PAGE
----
I suppose I could enjoy only the select things that directly bring me pleasure: food, friends, movies, infatuation. Only a limited pool would contribute to my self-interest and pleasure. Or I could just appreciate life and all living things, and suddenly the pool of things that give me pleasure seems unlimited.

This is not about care taking. This is about receiving pleasure. No matter how upset I may be, seeing a doggy on the street makes me shriek with joy. By loving animals instead of being apathetic to them, I just win. It isn't about giving.

Perhaps this is all a matter of framing. Perhaps I only say all of this now because I am at a different place in my life. A more appreciative and thankful place. The more I care about life, the more I appreciate life, the more positive I feel all around. I have less anger. I have less stress. I get to experience gratitude, affection and joy much more.

In fact, I am starting to wonder how or why I could even waste my own precious, self-interested time with anger or stress to begin with? Instead, I can just find something to appreciate in everything--and always win.

5 comments:

Vanessa said...

Maybe I was not clear. For example, under my original indoctrination hypothesis, I might pick up litter because it is a good deed, and I am supposed to be good, and being good feels good. It is not about enjoying a process, but seeking some end that is culturally promised to you.

Or, if apathy is replaced with affection and I actually love the earth, then picking up trash in and of itself is joyful.

I could have walked down the street and ignored the piece of trash, or I could have added one moment of joy by throwing it away.

I guess the question would be, how does one come to care about something in other to reap the self-interest that caring can bring?

This also bleeds into larger questions about where the line is drawn between caring and taking care of something.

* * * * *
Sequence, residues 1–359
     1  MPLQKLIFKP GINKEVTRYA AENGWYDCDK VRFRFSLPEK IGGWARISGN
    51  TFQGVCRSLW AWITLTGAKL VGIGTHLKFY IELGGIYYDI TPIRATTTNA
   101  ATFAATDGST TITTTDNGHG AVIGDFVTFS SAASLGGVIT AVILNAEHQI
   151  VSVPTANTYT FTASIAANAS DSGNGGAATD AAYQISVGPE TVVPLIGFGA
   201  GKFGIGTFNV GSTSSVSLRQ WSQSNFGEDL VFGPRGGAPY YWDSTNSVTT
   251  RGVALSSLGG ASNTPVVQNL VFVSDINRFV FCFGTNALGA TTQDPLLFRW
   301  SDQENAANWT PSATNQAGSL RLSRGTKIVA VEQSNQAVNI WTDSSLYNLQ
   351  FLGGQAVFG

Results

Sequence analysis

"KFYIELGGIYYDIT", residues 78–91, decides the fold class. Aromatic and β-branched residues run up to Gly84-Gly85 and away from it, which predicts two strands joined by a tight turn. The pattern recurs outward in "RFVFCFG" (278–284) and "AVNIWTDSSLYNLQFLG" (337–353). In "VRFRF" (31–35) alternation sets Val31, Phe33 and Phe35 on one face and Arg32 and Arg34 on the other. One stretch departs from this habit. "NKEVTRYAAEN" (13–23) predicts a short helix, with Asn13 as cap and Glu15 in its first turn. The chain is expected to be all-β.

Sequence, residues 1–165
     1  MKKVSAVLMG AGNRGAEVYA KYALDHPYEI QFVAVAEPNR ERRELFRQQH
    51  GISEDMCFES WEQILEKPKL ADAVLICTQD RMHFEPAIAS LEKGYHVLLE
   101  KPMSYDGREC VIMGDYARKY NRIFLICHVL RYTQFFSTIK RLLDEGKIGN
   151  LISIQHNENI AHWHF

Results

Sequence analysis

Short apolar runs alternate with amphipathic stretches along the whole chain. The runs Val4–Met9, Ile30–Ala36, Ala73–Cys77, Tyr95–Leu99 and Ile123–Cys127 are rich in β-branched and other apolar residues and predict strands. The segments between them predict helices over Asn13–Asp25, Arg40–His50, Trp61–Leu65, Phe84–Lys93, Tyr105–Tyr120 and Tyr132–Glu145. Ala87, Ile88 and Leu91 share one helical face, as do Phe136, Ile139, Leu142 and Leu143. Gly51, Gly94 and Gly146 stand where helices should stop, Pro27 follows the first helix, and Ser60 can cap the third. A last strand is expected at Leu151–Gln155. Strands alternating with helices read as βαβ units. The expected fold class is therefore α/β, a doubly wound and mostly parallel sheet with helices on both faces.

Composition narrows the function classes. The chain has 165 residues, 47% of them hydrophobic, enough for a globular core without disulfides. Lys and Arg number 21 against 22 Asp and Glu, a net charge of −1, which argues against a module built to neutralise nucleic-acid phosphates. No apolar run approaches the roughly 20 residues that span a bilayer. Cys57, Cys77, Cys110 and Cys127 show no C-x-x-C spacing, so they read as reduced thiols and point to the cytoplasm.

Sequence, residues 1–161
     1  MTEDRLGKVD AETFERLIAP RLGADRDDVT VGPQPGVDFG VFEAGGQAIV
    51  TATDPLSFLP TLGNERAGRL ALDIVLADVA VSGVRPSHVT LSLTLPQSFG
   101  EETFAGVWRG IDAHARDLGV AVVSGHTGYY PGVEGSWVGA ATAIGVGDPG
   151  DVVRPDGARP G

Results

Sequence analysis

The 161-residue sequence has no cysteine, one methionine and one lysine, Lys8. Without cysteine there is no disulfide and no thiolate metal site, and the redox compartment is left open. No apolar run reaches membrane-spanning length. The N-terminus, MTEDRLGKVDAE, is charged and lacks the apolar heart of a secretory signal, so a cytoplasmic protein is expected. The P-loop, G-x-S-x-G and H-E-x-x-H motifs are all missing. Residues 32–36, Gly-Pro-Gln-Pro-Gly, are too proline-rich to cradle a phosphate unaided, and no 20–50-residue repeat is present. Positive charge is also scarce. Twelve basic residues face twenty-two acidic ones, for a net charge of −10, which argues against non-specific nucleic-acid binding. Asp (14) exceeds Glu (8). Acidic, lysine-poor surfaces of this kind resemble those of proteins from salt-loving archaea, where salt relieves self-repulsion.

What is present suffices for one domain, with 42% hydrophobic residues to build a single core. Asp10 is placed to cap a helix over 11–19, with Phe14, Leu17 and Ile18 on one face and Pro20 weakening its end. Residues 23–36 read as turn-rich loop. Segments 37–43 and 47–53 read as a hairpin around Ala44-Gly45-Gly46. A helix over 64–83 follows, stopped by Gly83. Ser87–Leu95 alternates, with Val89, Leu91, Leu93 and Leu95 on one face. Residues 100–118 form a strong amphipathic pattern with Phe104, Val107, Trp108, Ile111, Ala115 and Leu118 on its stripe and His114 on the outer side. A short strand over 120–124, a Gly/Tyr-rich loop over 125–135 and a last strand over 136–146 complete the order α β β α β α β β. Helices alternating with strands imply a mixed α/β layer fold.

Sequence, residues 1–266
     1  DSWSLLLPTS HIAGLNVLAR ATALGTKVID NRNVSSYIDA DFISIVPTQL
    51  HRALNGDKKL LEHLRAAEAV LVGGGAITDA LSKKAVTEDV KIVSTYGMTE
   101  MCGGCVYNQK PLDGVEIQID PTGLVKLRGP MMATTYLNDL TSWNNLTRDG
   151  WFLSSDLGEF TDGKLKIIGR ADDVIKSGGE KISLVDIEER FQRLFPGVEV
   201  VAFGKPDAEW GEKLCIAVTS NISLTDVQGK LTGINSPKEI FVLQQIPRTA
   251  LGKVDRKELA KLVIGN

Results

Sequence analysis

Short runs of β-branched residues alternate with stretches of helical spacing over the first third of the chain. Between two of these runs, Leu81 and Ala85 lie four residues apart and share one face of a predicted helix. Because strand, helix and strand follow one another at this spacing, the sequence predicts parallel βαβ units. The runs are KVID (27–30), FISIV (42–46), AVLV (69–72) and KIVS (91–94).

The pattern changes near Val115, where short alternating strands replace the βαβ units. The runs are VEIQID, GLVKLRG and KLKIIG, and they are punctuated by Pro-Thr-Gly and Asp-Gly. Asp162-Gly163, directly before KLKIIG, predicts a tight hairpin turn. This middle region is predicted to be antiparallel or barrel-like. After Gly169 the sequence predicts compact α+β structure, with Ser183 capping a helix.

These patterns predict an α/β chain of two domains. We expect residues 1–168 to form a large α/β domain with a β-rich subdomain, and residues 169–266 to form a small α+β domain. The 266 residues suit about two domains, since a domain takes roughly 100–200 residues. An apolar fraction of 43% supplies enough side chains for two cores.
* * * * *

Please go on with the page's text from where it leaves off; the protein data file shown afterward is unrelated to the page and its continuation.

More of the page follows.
Maxim said...

It seems like your post is essentially a syllogism of the following form: (1) some form of nihilism; (2) hedonistic reductionism is the proper response to nihilism; (3-conclusion) "good" are those things that I happen to find pleasurable.

Right?

Vanessa said...

For my case specifically "good" happens to overlap with pleasurable in many respects...but your summary works

Now, how it is that my pleasures have come to overlap with "good" is a completely different blog post...which one can expect in the near future.

Maxim said...

Hmm, I'm not sure I understand the 'overlap' point. If you're defining "good" as that which you find pleasurable, then certain things are good because they're pleasurable. For example, given your argument, you can say that what makes caring for the environment a good is the pleasure it gives me.

But your 'overlap' point suggests that you're already assuming that certain actions already have some kind of inherent goodness irrespective of the pleasure you derive from them. If that's the case, then that both refutes your argument (negates the major premise of the syllogism) and makes it moot as well.

Setting this aside, I think what you're really interested in is the question of how it is that what society deems 'good' in many instances happens to coincide with what you find pleasurable. Something like that or am I missing something?

Vanessa said...

I meant "good" to mean culturally deemed as ethical.